The incorporation by the National Vaccination Program (PNI) of the Ministry of Health of combined vaccines, those that offer protection against more than one disease with the application of a single injection, can help parents of premature babies in this task of protecting their children, he assesses. The Reference Centers for Specialized Immunobiology (Cree) make these vaccines available to very premature babies, those born weighing less than 1 kg or up to 31 weeks of gestation.6. The goal was to make vaccination less painful and with fewer reactions for this baby.7 Thus, premature babies can be protected against up to six diseases, including poliomyelitis and whooping cough, with just one injection.
“These special vaccines are also acellular, that is to say they are composed only of the proteins responsible for generating the immune response and not of whole cells, which reduces their side effects”, explains the pediatrician and infectologist Ana Paula Burian, president of the regional do Espírito Santo of the Brazilian Society of Vaccinations (SBIm), herself the mother of twins born premature at 36 weeks. The doctor recalls that all vaccines used by the Ministry of Health are “immunogenic, reliable and safe” and stresses that it is important for families of premature babies to know that the SUS offers this immunizing agent to this specific group of babies . “We can have mothers in the countryside, far from the capital, who do not know that they are entitled to combined vaccines. If the vaccinator does not have this information, the mother can contact the Department of Health, which is the one that orders this vaccine for the whole city,” he explains.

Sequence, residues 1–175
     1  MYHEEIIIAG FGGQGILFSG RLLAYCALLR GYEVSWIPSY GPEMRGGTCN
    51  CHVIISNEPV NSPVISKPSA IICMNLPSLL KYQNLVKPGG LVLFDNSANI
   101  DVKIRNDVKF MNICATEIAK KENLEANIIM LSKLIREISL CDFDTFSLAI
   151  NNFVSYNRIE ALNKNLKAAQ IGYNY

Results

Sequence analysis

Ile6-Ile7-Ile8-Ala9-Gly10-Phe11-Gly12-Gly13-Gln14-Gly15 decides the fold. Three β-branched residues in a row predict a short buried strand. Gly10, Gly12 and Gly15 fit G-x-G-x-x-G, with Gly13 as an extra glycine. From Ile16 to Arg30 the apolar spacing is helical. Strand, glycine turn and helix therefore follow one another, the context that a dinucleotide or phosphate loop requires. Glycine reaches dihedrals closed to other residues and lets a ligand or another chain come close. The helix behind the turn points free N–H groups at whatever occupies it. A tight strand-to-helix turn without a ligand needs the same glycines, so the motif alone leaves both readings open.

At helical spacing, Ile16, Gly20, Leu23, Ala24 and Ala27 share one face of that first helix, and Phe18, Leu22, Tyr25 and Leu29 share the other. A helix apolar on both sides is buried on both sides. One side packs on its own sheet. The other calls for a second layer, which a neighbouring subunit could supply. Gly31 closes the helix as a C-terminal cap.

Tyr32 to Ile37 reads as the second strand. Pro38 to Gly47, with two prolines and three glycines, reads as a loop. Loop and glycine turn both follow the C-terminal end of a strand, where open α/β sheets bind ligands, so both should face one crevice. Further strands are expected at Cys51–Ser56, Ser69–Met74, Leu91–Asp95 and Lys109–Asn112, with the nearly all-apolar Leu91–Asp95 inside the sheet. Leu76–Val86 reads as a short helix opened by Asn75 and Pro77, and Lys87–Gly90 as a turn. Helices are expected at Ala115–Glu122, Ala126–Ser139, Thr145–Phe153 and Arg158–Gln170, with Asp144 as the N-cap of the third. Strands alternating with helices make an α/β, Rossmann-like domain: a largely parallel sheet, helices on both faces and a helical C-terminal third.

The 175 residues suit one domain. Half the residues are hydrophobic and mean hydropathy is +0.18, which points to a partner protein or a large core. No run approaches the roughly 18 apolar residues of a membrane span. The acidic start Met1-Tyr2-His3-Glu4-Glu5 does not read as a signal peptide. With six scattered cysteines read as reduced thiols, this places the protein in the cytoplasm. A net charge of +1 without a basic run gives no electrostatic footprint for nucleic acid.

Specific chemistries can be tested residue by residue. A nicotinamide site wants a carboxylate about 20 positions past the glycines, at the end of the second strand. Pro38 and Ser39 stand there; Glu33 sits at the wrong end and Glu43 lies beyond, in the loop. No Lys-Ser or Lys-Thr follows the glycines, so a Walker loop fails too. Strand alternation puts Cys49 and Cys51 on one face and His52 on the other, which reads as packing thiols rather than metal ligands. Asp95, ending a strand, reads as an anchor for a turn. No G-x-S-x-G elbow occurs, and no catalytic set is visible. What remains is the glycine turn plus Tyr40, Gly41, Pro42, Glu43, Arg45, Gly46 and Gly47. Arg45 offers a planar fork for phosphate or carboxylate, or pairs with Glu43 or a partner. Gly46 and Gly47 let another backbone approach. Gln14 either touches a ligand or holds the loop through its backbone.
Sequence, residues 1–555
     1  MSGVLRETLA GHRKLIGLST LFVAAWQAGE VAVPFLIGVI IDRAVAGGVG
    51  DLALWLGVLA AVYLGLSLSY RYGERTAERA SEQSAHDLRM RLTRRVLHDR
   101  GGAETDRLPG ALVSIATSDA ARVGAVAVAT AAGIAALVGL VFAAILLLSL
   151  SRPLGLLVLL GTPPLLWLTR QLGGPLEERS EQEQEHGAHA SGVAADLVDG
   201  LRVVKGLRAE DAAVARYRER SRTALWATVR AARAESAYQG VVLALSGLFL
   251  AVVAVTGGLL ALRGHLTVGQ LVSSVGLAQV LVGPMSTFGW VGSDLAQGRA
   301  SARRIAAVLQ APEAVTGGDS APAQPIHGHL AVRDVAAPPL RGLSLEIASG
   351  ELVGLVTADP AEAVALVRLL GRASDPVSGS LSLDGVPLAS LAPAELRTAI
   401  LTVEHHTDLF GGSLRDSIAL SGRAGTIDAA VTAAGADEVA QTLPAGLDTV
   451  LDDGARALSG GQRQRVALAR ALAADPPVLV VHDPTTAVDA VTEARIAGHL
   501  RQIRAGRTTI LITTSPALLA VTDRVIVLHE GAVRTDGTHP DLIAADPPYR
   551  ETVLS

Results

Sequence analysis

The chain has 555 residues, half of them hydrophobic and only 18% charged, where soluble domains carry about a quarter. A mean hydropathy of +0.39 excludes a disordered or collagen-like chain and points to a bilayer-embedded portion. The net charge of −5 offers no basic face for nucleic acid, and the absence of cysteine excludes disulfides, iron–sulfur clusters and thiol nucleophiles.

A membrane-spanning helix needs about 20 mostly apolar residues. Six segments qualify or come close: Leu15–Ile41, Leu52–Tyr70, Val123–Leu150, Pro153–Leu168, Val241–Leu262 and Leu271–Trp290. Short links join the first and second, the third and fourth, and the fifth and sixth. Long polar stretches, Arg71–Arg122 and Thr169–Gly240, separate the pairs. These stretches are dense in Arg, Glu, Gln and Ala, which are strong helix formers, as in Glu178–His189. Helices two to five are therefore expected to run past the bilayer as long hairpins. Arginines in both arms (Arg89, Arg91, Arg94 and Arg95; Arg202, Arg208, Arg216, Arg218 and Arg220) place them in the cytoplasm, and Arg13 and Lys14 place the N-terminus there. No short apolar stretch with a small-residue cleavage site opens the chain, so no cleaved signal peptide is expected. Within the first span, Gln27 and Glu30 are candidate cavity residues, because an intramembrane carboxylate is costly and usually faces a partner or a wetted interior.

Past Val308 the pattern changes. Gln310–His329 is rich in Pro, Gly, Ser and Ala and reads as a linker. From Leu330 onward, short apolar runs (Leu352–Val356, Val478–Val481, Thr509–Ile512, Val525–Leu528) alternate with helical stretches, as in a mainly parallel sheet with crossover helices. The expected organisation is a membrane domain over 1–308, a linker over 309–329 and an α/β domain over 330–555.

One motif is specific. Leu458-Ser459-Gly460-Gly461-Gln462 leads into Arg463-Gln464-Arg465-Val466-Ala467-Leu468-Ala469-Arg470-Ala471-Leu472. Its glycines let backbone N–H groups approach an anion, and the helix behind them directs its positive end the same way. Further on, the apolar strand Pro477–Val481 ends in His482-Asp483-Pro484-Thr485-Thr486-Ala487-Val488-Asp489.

The polio immunization schedule includes five doses of vaccine for both premature babies and full-term babies. Premature infants have always received the first three doses of the injectable inactivated polio vaccine, inactivated poliomyelitis vaccine (IPV), at 2, 4 and 6 months of age.8. Since 2016, full-term babies also receive the first three doses of VIP. The two booster doses, given between 15 and 18 months and between 4 and 5 years, can be either the oral vaccine – the “drop” (Sabin) – or the injectable9. SBIm recommends that all doses offered be of inactivated vaccine where possible, in line with a recommendation from the World Health Organization ten.
1 The fall of childhood vaccination: Revista Pesquisa Fapesp
2 Measles – SBIm Family
3 The fall of childhood vaccination: Revista Pesquisa Fapesp
4 The fall of childhood vaccination: Revista Pesquisa Fapesp
5 The low demand for vaccination is worrying, especially among premature babies – NGO Prematuridade.com
6 inform-incorporacao-penta-hexa-acellulares-210104.pdf (sbim.org.br)
7 Brazil. Ministry of Health. Health monitoring service. Department of Immunization and Communicable Diseases. Available at: https://sbim.org.br/images/files/notas-tecnicas/informe-incorporacao-penta-hexa-acellulares-210104.pdf. Consultation in May 2022
8 Premature – SBIm Family
9 Brazilian Vaccination Society – calend-sbim-crianca.pdf
10 Polio Vaccines – SBIm Family